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Proc Natl Acad Sci U S A. 2002 Jan 22;99(2):1088-91. Epub 2002 Jan 15.

Impact of folivory on photosynthesis is greater than the sum of its holes.

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  • 1Department of Entomology, University of Illinois at Urbana-Champaign, 505 South Goodwin Avenue, Urbana, IL 61801, USA.

Abstract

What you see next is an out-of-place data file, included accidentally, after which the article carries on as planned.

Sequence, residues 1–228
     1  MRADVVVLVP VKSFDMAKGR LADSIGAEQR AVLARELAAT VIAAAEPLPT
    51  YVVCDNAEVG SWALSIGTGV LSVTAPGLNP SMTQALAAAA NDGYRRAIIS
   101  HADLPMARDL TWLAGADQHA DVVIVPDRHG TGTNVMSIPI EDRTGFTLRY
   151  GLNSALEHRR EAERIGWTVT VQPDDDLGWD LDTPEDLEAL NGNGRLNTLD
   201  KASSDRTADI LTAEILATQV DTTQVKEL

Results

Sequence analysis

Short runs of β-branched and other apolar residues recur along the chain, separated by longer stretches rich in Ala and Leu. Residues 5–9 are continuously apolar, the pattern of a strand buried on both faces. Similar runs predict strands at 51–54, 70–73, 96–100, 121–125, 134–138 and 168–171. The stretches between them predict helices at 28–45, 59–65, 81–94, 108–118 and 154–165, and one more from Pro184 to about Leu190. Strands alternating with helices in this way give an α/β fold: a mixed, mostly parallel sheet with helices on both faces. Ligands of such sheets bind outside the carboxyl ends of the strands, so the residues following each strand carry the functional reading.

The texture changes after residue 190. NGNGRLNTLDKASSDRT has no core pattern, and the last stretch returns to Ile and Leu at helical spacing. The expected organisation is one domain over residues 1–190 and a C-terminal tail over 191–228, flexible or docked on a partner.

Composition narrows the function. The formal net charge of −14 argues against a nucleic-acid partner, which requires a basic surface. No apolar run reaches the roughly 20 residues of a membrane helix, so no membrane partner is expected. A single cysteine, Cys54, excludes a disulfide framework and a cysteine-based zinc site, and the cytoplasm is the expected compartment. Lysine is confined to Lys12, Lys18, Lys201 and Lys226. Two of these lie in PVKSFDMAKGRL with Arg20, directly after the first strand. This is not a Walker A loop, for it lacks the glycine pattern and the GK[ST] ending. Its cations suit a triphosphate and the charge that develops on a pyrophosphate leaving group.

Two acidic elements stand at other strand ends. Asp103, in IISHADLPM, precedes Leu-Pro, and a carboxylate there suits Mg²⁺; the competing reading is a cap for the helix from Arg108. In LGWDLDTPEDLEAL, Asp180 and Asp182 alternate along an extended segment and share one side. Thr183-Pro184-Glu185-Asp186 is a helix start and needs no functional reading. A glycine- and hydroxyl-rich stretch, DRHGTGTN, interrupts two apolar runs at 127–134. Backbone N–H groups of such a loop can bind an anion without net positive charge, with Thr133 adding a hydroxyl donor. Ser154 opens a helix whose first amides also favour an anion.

The effects of herbivores on plant production and fitness may not relate directly to the quantity of biomass removed because folivory may alter photosynthetic rates at a considerable distance from the damaged tissue [Welter, S. C. (1989) in Insect-Plant Interactions, ed. Bernays, E. A. (CRC, Boca Raton), pp. 135-151.]. An impediment to understanding the effects of leaf damage on photosynthesis has been an inability to map photosynthetic function within a single leaf. We developed an instrument for imaging chlorophyll fluorescence and used it to map the effects of caterpillar feeding on whole-leaf photosynthesis in wild parsnip. The adverse effects of caterpillar feeding on photosynthesis were found to extend well beyond the areas of the leaflet in which caterpillars removed tissue. These "indirectly" affected areas remained impaired for at least 3 days after the caterpillars were removed and were six times as large as the area directly damaged by the caterpillars. Although photosynthesis in indirectly affected areas was reduced and not eliminated, these areas accounted for three times as much of the overall reduction in photosynthesis as the area removed by the caterpillars. The size of the indirect effects was positively correlated with defense-related synthesis of furanocoumarins, suggesting that costs of chemical defense may be one factor that accounts for the indirect effects of herbivory on plants.

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